A new cafe on Shanghai's Yongkang Road has no seats or tables, and its storefront is nothing more than a gray wall with a hole through which a furry bear paw interacts with customers－by serving them coffee, giving them friendly pats or posing for photos.
Here, customers simply scan a QR code to place their orders. All beverages cost 20 yuan ($3.06).
The cafe, Hinichijou－a Japanese expression that can be translated as "extraordinary"－which is also known locally as the Bear Paw Cafe, has gone viral among netizens. That's not just because of its quirky features but also because of its goal of providing employment for people with disabilities.
According to the cafe's co-founder, Wang Haiqing, Hinichijou currently employs four baristas with hearing and speaking disabilities, including cafe manager Chen Yingying, who was the champion of coffee brewing at the 2019 National Professional Competition for People with Disabilities. The contest is an annual event run by the Shanghai Disabled Persons' Federation to encourage people with disabilities to improve their vocational skills. The federation trained Chen for over six months before the competition.
Wang said that the cafe's concept of placing staff members behind a wall is to help the disabled employees feel more comfortable at work.
Since their soft opening on Nov 15, the store has drawn hordes of customers and become one of the most searched items on short video sharing site Douyin. Hinichijou fully opened on Dec 3, the International Day of People with Disabilities.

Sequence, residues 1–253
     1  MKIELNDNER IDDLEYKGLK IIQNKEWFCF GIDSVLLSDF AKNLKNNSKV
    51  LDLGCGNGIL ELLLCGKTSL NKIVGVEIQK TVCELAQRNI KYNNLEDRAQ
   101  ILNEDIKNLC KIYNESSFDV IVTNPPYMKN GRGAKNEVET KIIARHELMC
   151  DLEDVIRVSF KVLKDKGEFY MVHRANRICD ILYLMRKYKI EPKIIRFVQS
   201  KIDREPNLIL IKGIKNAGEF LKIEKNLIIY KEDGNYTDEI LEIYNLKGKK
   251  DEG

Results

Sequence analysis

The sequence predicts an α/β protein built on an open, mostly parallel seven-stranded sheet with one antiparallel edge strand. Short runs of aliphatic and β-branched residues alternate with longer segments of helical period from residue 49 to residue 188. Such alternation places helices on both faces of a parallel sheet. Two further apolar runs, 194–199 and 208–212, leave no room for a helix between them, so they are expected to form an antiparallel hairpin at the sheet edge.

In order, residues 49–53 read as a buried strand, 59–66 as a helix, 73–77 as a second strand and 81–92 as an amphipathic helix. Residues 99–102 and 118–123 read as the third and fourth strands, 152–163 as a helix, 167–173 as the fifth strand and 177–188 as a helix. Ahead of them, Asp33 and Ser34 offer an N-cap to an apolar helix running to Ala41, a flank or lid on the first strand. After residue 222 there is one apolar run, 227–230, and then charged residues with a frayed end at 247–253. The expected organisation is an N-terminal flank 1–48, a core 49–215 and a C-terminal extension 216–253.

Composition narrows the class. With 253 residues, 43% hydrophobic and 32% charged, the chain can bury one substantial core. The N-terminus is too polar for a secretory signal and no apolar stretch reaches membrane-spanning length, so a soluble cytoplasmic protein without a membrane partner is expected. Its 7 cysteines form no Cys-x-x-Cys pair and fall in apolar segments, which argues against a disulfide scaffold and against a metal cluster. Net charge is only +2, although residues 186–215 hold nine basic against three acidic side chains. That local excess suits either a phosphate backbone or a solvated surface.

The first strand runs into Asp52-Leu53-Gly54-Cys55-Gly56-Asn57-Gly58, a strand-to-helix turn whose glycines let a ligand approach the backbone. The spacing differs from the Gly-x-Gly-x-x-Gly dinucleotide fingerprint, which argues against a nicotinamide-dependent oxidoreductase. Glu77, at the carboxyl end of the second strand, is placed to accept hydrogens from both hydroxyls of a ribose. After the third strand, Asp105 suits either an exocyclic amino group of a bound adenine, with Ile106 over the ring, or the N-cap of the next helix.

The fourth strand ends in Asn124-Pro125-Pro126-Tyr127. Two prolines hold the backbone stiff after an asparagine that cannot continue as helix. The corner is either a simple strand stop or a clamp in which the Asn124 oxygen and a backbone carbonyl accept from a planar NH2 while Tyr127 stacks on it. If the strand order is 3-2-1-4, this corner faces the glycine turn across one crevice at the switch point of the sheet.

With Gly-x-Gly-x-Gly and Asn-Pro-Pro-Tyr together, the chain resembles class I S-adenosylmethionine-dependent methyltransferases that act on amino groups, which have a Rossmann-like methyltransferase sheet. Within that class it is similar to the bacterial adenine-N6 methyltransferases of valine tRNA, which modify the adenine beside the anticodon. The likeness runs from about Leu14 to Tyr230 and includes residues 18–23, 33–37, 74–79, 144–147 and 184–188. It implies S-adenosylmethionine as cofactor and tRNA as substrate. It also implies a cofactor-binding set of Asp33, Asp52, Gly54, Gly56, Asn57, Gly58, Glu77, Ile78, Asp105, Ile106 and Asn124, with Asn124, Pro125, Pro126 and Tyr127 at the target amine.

The crowds have hardly abated. The current wait for a coffee is about an hour.
"Not all our employees have disabilities. For example, the employees who wear the bear paws are able-bodied people who take orders, interact with customers and perform other tasks like disinfecting the store," said Wang, adding that the server rotates between several bear paws, which are disinfected regularly.
Besides hiring people with disabilities, the cafe also provides them with free coffee as well as training on making the beverage.
But while the concept has been a hit with consumers, the cafe being behind a wall breaches the regulation stipulating that the certification and license of a business must be clearly visible to customers, officials said.
The market regulation administration of Xuhui district where the cafe is located has already notified the business that the situation should be rectified by displaying the documents and license on the board with the QR code.
"The administration is helping us to meet the required standards and we are working on it now," Wang said.
Li Mengqian, 29, went to the cafe after reading about it online.
"I know it is difficult for people with disabilities to find a stable job. It is great to have such a store to support their employment," she said. "I really hope that there will be more shops like this one and that society will pay more attention to the employment of the disadvantaged and give them more understanding and support."
Wang said they do plan to provide more job opportunities for people with disabilities by opening more stores.
"Right now, we'll just focus on this store," Wang added.